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Takeaways from Wizards' road win over Pelicans

Takeaways from Wizards' road win over Pelicans

It took three quarters for Markieff Morris to wake up and take advantage of the matchup with the New Orleans Pelicans, and when he did he sparked the Wizards for two runs – the latter leading them to a 107-94 win at Smoothie King Center on Sunday.

It was the Wizards’ fourth win in a row, eighth in nine games and their fourth in five road games.

New Orleans (19-29) had trimmed the deficit to 83-80 after Anthony Davis completed a layup and the free throw on the foul and another foul shot after Wizards coach Scott Brooks was assessed a technical.

But the Wizards (27-20) went on an 8-0 that included a three by Morris and Bradley Beal to go up again by double digits. Otto Porter’s third three-pointer and another jumper by Morris sealed it with a 100-88 lead with a little more than three minutes left.

John Wall (18 points, 19 assists) earned his 27th double-double and Marcin Gortat (17 points, 11 rebounds) his 26th double-double. Beal (27 points, six rebounds) and Morris (21 points, eight rebounds) also contributed. Wall's 19 assists tied a career-high.

Anthony Davis (36 points, 17 rebounds) and Jrue Holiday (26 points, 11 assists) led New Orleans in a comeback from an 18-point deficit.  The duo combined to make 26 of 44 shots but didn’t get much help elsewhere. No other starter scored in double figures.

The Wizards are 21-9 since Dec. 1, the best record in that span in the East. They’ve won 9 of 10 vs. the Pelicans.

[RELATED: WATCH: Wall posterizes Davis in Wildcat-on-Wildcat crime]

-- The Morris-Trey Burke combination continues to thrive. Morris scored off two assists from Burke to begin the fourth quarter, including a three-pointer, and he returned the favor to the point guard on a cut to the basket. It helped steady the Wizards with the outcome in the balance.

--The Pelicans were held to 40 points in the first half, only the third time the Wizards kept a team to 40 or less. The previous two times came against the same team – in a Nov. 5 loss vs. the Orlando Magic and 38 on Nov. 25 in a win vs. Orlando. It marked the third consecutive road game an opponent has been held to 48 or less.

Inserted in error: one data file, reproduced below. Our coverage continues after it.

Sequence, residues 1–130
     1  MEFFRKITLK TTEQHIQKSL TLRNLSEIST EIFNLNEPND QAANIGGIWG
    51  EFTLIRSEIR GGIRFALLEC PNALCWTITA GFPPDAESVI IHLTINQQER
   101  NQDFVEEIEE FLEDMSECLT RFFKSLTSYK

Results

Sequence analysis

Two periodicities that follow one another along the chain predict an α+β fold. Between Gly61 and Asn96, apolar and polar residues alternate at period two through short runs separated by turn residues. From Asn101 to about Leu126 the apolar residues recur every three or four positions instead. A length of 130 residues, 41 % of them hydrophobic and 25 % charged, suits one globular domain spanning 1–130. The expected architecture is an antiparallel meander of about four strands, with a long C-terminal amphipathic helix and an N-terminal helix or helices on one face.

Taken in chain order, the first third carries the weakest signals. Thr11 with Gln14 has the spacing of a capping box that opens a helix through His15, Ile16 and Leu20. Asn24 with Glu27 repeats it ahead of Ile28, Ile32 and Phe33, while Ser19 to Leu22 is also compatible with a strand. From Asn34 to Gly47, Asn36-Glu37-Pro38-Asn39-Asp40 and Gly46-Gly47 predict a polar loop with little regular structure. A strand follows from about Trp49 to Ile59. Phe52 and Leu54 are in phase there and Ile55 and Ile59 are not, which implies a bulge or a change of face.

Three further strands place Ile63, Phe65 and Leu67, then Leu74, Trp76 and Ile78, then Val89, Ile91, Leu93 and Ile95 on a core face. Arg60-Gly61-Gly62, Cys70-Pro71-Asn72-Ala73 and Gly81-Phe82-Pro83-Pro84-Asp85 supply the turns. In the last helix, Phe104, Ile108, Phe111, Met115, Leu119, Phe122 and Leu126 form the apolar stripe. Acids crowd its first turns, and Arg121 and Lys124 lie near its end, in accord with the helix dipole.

--New Orleans is known for switching smalls onto bigs, and vice versa. They allowed Solomon Hill to matchup with Gortat in the low post and Holiday vs. Morris and Buddy Hield vs. Morris. They didn’t make them pay enough early because they rarely finished these chances, though it did allow for Jason Smith’s highlight, one-handed putback dunk on an offensive rebound. Wall took full advantage of when he was guarded at the top of the key on a switch by Donatas Motiejunas. He blew by him for a tomahawk dunk in the first quarter. Wall ended the first half with consecutive jumpers for a 57-40 lead with Motiejunas again stranded at the top of the key. He played so soft, Wall was able to get into a rhythm on his dribble and pull up.

--The defense slacked off to begin the third quarter when Holiday was allowed to step into three-pointers without anyone running at him in transition. They got the lead down to 66-58 with a 7-0 run but the Wizards aided them in the comeback. They turned the ball over in four of their first six possessions out of the locker room, allowing New Orleans to briefly take the lead 73-72 with 49.6 seconds left. It Washington’s first time trailing in a game since 6-5 to the Charlotte Hornets on Jan. 23.

--Davis only scored 27 total points in two meetings with the Wizards last season, but he keyed the run in the third when he made 7 of 10 shots. Davis has played at center since the season began, when Omer Asik had the starting job until falling out of coach Alvin Gentry’s rotation. While Davis can be pushed around by traditional bigs, he’s difficult for them to cover away from the rim. He only had eight points in the first half when the Pelicans were isolation heavy. But they got more motion into their sets and into transition.